While exploring Tofino we took a hike to Schooner Cove in the Pacific Rim National Park.  The web page said it was a short and relatively easy trail, leading through lush rainforests and over gentle meandering streams.

“How long is it?” I asked.

“It’s not far,” hubby said. “Less than ..” he mumbled into his shoulder as he turned away to get something from somewhere else.

So we walked.  It started out easy enough.

But after walking down and around for what seemed like forever, we came to this extended ramp.

Down and across …
… and across some more

At this point, with only the faint promise of  surf in the distance, we had too much vested in the walk to turn back.  We continued walking, going up and down several more ramps and valleys until we faced the final ascent.

On paper it is  only a two kilometre hike. However most of it is climbing up or down stairs. It could have been worse.  If there wasn’t a board walk for instance.  But then I probably wouldn’t be taking this hike.

How was Schooner’s Cove, the final destination?  It was good.

After the walk we went back to the hotel.

Thoughtfully displayed, for our post-walk reflection were these warning signs.

Cougars, Wolves and Bears. Oh dear.

Pacific Rim National Park in Tofino, Vancouver Island. BC. 2017

Quirky Coombs

On the way from Nanaimo to Ucluelet is a quirky little place called Coombs.

Coombs is a small community on Vancouver Island in British Columbia, situated on provincial highway 4A approximately 10 km (6.2 mi) west of Parksville. Coombs is home to approximately 1,327 people and is renowned for its Old Country Market (which features a family of goats living on the roof), Butterfly World (which includes a small indoor tropical rainforest ), and the Coombs Bluegrass Festival held every B.C. Day weekend.  

-Wikipedia. November 2017

We arrived looking for the ‘goats on the roof’ but couldn’t find them.  Instead we were diverted by this Seussian structure.

Captivated we wandered into a courtyard of humongous stone monuments.  Native American gods, Chinese and Hindu Buddhas, Disney-esque orangutans and the Lion King?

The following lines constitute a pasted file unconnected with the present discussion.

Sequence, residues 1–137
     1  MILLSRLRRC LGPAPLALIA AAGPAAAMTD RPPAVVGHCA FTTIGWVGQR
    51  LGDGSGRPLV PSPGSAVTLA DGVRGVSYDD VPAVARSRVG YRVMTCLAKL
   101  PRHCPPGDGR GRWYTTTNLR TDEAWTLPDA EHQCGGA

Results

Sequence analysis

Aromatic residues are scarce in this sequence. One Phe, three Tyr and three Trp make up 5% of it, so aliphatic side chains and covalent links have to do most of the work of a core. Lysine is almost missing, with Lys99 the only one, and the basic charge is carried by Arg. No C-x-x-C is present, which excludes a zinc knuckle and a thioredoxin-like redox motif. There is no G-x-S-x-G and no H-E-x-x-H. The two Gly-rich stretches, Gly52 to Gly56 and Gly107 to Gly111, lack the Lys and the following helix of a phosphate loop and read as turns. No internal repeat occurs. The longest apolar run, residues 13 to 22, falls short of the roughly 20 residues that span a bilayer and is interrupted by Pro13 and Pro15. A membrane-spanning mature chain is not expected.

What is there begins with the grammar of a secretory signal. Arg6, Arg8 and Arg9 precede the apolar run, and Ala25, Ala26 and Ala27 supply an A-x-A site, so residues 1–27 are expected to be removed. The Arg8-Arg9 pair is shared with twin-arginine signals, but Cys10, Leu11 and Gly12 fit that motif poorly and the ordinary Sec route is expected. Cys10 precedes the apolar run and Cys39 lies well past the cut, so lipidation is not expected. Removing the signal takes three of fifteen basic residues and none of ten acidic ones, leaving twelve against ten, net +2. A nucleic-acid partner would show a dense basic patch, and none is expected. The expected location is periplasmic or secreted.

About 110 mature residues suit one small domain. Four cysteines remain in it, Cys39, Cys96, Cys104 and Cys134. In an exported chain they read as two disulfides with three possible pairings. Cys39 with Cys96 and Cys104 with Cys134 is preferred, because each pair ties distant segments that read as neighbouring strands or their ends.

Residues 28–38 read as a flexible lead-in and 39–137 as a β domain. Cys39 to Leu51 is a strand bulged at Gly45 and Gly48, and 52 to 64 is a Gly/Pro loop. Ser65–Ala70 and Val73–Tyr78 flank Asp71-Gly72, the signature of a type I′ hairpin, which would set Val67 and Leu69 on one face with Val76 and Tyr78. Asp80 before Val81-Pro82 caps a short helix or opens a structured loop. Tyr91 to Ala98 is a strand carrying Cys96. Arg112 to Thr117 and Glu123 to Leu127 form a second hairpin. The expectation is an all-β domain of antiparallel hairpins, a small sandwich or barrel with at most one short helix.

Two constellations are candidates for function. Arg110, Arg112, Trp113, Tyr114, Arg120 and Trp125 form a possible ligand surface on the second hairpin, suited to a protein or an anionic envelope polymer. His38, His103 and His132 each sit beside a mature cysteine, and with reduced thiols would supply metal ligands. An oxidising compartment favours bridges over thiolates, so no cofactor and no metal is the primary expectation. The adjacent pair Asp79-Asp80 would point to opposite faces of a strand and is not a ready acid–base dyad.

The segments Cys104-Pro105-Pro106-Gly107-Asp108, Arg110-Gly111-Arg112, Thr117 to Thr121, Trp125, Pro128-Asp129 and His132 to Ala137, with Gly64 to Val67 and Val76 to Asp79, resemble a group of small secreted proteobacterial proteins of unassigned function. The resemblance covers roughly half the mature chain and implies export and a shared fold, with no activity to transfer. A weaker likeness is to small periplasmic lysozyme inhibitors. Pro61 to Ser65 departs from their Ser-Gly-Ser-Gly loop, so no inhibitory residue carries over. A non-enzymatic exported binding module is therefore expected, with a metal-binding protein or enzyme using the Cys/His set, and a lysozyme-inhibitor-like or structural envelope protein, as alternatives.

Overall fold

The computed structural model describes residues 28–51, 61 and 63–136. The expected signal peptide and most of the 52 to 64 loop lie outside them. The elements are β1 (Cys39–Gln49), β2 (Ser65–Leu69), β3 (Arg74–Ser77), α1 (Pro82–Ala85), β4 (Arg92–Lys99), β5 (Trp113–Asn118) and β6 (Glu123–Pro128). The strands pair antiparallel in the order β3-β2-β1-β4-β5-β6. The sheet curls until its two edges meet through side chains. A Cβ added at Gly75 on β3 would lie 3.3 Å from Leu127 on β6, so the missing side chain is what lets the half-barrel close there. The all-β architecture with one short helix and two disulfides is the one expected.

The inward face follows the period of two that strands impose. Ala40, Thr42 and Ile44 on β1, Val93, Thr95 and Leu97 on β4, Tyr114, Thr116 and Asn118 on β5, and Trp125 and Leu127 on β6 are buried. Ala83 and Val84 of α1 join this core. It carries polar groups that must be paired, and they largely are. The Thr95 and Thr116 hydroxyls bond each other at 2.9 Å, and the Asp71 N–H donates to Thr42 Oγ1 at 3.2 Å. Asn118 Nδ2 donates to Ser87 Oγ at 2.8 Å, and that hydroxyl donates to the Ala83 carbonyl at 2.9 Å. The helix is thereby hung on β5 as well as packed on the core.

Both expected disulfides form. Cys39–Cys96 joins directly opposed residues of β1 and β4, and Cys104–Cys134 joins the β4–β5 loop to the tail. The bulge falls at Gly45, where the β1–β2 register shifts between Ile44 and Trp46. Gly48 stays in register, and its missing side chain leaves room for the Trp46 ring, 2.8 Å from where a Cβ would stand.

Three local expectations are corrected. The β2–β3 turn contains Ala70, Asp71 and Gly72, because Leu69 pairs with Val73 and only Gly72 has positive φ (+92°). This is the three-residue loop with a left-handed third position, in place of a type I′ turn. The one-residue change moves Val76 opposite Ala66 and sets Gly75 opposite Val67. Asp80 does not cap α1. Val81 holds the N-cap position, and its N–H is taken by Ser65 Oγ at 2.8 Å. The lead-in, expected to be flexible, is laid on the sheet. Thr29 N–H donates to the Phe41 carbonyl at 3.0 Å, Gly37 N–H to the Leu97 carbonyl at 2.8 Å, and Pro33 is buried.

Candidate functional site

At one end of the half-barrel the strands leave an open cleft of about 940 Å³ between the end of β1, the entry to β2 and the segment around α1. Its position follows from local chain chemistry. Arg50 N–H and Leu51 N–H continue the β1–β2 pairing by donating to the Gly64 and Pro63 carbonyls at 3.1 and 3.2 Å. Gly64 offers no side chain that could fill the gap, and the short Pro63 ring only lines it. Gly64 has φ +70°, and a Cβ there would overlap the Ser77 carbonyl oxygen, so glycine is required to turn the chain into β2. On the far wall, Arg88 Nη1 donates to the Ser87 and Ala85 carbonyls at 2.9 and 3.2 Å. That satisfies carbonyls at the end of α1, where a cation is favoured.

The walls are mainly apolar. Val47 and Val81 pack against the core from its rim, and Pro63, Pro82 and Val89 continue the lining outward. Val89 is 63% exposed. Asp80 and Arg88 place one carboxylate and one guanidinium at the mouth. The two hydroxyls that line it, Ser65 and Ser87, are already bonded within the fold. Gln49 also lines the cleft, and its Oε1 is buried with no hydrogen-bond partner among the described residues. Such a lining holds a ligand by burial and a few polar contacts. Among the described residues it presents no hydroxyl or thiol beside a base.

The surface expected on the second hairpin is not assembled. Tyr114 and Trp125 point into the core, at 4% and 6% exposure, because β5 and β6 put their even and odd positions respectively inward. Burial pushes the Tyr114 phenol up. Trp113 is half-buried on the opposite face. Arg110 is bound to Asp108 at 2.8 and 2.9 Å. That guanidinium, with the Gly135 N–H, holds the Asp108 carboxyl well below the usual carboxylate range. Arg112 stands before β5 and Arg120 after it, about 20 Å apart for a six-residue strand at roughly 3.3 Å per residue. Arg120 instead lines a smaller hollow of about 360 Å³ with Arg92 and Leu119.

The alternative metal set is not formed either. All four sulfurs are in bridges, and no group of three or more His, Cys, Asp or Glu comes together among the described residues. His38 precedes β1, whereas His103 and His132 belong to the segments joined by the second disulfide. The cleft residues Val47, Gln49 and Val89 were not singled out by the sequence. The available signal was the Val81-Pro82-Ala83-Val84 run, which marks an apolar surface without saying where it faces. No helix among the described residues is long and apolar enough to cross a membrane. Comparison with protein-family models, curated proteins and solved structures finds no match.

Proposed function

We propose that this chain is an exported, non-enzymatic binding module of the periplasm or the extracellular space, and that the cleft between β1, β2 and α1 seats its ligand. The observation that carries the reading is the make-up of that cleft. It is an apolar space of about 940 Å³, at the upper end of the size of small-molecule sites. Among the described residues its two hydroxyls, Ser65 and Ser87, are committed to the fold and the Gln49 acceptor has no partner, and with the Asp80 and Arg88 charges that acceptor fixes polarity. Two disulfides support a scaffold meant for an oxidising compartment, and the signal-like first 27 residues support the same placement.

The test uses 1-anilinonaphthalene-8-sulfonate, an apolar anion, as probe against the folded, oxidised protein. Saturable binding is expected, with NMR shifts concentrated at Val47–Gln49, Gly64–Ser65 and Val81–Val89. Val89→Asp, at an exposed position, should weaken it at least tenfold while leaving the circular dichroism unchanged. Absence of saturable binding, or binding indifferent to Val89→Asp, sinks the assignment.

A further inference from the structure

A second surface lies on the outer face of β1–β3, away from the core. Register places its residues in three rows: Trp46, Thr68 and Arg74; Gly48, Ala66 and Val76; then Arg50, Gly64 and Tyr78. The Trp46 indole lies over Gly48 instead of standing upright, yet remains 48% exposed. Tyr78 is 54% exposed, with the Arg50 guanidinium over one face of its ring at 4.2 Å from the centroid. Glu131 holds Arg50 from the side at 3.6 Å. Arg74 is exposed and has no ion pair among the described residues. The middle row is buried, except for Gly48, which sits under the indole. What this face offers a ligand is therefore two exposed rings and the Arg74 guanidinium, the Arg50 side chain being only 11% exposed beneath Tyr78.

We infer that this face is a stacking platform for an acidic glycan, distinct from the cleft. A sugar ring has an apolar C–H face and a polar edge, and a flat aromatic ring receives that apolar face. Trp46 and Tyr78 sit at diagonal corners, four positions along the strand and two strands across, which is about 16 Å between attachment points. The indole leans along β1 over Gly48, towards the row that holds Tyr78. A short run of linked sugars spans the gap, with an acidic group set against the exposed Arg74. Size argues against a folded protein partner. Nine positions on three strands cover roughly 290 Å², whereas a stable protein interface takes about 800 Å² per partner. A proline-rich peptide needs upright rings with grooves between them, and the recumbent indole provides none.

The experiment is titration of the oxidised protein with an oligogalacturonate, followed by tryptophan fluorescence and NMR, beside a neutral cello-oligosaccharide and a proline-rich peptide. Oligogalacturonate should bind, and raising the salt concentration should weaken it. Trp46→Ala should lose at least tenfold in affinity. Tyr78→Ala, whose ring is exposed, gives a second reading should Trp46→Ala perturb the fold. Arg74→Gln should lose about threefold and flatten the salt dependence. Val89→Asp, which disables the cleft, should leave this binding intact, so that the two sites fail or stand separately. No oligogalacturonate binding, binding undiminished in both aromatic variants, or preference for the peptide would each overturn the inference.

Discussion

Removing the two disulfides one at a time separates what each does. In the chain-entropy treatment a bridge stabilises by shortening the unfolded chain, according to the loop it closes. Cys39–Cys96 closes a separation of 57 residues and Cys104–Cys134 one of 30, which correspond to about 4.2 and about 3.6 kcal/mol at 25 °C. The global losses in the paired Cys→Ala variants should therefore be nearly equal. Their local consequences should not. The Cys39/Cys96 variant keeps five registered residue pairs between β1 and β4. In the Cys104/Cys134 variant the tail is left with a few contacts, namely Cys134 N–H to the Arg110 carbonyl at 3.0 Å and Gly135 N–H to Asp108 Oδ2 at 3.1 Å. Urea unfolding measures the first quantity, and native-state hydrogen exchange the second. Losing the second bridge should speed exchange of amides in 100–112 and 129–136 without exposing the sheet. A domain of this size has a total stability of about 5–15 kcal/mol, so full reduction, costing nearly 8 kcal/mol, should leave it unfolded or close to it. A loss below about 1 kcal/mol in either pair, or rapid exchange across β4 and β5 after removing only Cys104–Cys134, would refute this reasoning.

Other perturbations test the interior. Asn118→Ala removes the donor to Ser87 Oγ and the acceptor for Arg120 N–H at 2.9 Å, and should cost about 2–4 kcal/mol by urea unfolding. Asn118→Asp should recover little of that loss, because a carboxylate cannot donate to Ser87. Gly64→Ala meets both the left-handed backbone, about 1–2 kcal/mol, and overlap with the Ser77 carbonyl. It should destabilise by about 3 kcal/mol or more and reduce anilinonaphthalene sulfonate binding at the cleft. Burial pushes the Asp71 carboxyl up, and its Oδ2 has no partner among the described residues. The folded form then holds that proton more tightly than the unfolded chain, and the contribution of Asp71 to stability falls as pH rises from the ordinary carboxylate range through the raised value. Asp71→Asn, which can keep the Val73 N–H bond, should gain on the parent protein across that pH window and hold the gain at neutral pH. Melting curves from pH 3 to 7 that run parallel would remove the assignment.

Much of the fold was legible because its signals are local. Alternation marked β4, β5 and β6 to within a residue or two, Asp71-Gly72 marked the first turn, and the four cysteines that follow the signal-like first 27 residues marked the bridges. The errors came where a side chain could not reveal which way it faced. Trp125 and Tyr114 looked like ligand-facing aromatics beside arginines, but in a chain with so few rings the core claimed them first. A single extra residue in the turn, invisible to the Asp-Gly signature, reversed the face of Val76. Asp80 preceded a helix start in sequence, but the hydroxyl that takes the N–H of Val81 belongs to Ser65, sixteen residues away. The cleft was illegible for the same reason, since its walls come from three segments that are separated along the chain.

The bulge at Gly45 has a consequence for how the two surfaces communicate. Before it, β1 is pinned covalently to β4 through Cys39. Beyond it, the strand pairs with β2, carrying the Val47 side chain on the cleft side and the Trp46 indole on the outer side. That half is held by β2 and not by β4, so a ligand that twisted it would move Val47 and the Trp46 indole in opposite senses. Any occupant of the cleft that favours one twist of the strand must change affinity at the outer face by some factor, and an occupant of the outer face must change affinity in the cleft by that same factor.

Welcome to Coombs Emporium.

Inside the store was the largest collection of wood carvings and hand carved items I have ever seen in one place.  Individually, I’ve seen them in night markets and souvenir shops all across South East Asia, but all together in one shop?  It felt like someone had gone to an Indonesian island and said “I’ll buy everything.”

The fellow in the cafe said that the display was the result of forty years of collection by his parents. The statues which had cost a couple hundred thousand to ship back twenty years ago were valued at half a million each today. I could believe it. If I had a 500K to spare I would buy a three storey high statue of Buddha.

We never did see the goats on the roof. Apparently they had been taken in for the winter.  If we had seen them, they would have looked something like this.

Goats (with woolly coats) on the Roof

Coombs, Vancouver Island. BC. 2017 

Summerland in Winter

“It’s the fourth driest city in Canada,” he said. “Summerland is at the edge of Canada’s only semi-arid desert.”

“Kelowna looks like it’s right near there,” I said pointing to Google Maps on my phone.  “They closed down the airport due to snow two days ago.”

“But Kelowna is way north of there. We’ll be fine.”

According to Maps it’s a four hour, high-way drive from Vancouver to Summerland in the Okanagan valley. Ample time we thought,  to take the morning ferry, disembark at noon, drive and arrive before dinner.  That might have worked, except that ..

  • It was mountain range driving.
  • It had snowed the previous two days.
  • After leaving Hope, the BC-1 exit signboard warned of fog and ice on the mountain pass.
  • Extreme caution and tire chains were required.

I didn’t recall seeing a snow brush in our rental car.  I didn’t think there were tire chains hidden in the trunk.  I was the trip navigator (Google Maps reader) and with hubby’s assent, we doubled back to Hope and took the slightly longer (30 minutes)  but more southerly BC-3 route to Summerland.

After three hours of driving, Maps said that we still had another 259 kilometers and three hours left to go.

I spent my time looking at the mountain views, peering for deer and big horn sheep.

“Pretty scenery,” I said. “I see a deer! But don’t look!  Sharp curve coming up ahead.”

By 3pm darkness was falling like a blanket over the winding and steeply descending road. We had forgotten that Daylight Savings Time had pushed the clock back one hour.  By 4pm the Maps screen had gone black for the night.   It said we still had three hours left to go.